The multi-year part involves “bunching” your expenses. That’s a strategy where you decide to accelerate or delay payments between different years for itemized deductions such as state income taxes, routine health care, and charitable contributions. You calculate the tax savings for each year and choose the most advantageous time to pay the expense and claim the deduction.
The AMT adds another step to the calculation because it eliminates certain deductions. For instance, state and local income taxes are not deductible when figuring AMT liability.
What if you usually claim the standard deduction? You’ll still want to take a look at your total itemized deductions in case you’re close enough to the tipping point to consider accelerating some expenses into 2012. In addition, there are circumstances where itemizing makes sense even when the total is lower than your standard deduction. Your exposure to the AMT can come into play here, too, since the standard deduction is not allowed in the AMT calculation.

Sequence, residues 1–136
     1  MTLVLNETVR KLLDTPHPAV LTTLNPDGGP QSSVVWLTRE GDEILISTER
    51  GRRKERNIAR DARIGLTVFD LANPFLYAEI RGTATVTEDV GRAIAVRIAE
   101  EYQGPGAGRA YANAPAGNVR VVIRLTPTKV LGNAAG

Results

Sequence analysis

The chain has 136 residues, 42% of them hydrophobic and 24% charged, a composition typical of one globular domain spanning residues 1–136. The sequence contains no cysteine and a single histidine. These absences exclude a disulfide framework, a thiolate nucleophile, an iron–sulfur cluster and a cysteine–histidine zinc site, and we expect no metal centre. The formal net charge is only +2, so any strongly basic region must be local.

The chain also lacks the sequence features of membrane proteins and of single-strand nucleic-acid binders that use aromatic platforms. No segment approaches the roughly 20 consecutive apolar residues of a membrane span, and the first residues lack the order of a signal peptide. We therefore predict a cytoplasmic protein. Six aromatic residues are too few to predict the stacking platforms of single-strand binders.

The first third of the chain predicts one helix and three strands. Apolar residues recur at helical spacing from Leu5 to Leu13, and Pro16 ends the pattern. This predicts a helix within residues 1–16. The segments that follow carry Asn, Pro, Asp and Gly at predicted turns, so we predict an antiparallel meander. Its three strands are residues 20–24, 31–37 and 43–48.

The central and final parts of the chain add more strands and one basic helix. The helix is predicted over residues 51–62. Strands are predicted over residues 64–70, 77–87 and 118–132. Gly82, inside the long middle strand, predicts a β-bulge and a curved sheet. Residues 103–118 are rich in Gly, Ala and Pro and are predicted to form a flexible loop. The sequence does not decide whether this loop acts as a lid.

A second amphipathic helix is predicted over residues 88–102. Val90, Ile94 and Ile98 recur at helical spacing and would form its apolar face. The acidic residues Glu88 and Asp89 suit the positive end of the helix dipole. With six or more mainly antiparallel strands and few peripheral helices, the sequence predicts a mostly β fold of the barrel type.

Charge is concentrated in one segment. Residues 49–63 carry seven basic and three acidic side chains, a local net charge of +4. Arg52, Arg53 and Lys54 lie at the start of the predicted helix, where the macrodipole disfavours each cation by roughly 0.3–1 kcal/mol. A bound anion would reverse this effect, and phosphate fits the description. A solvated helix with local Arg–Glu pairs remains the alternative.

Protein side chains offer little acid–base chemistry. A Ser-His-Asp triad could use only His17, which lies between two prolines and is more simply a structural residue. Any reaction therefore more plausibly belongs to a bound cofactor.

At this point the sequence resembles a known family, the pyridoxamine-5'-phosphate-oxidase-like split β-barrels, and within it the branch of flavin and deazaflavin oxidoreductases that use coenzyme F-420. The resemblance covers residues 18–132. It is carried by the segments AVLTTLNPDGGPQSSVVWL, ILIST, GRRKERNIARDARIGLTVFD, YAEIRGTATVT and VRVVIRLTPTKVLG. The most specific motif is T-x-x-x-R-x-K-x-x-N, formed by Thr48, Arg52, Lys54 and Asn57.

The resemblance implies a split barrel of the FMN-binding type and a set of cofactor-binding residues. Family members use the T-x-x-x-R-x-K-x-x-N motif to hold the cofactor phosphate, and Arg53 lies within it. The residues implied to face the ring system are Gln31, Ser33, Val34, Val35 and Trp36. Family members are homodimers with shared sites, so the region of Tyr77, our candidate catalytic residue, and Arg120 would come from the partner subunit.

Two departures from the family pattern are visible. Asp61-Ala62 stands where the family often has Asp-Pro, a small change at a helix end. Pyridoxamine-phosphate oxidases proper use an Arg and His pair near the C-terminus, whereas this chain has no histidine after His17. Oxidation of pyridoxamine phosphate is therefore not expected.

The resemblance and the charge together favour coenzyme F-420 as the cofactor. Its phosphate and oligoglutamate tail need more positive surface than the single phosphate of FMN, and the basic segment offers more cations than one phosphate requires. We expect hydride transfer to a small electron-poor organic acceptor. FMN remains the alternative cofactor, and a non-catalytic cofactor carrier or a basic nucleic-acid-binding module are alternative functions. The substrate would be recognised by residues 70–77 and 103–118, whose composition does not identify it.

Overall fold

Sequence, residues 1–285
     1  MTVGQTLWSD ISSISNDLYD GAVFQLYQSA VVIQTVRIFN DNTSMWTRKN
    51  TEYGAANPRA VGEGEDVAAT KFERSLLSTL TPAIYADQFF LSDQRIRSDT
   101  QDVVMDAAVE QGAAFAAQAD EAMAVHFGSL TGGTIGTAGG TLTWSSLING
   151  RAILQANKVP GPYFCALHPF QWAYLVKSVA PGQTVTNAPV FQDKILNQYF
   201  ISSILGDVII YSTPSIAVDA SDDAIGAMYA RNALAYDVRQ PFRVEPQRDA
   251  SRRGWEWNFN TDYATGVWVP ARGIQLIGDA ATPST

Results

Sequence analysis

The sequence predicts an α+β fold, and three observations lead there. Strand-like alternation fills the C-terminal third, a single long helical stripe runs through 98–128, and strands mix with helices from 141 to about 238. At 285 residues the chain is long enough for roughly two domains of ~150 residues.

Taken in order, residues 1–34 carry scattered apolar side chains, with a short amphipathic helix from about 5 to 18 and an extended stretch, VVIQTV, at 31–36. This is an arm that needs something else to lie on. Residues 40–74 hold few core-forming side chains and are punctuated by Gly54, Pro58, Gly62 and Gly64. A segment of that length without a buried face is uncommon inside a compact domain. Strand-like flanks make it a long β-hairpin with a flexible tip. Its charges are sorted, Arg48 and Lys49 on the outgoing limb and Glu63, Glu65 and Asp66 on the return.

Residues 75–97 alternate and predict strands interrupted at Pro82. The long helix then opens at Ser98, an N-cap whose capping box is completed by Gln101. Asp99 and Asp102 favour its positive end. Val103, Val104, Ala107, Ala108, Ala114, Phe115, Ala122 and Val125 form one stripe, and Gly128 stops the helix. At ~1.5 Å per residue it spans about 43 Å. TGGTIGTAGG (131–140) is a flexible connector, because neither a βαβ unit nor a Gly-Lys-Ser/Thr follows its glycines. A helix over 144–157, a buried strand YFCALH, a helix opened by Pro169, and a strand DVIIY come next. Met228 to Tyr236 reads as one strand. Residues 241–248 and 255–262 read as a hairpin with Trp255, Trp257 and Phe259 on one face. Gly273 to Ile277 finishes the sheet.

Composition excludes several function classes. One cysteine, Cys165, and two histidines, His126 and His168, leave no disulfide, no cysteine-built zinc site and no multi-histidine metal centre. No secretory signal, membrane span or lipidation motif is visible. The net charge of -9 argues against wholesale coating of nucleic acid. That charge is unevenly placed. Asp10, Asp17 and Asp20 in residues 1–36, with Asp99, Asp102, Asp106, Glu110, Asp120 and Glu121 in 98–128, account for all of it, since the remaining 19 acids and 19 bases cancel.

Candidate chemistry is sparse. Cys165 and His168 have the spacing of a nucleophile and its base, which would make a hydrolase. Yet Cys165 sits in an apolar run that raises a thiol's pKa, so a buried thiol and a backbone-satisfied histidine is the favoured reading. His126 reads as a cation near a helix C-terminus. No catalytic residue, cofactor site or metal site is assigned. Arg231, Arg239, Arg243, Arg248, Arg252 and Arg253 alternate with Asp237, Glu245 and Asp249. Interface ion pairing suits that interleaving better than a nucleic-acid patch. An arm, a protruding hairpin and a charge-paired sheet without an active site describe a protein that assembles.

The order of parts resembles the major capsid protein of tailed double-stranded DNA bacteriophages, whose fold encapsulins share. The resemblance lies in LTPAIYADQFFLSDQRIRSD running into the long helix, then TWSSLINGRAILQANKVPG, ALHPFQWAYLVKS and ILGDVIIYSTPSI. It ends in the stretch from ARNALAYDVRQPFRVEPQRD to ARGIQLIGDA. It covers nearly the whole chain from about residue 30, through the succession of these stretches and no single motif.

For 2012, the regular standard deduction when you’re married filing jointly is $11,900 ($5,950 for singles). The last few months of the year is a good time to review your situation and consider opportunities for bunching deductions. Planning could help you salvage itemized deductions that would otherwise be lost. Contact our office for more information about this tax-cutting strategy.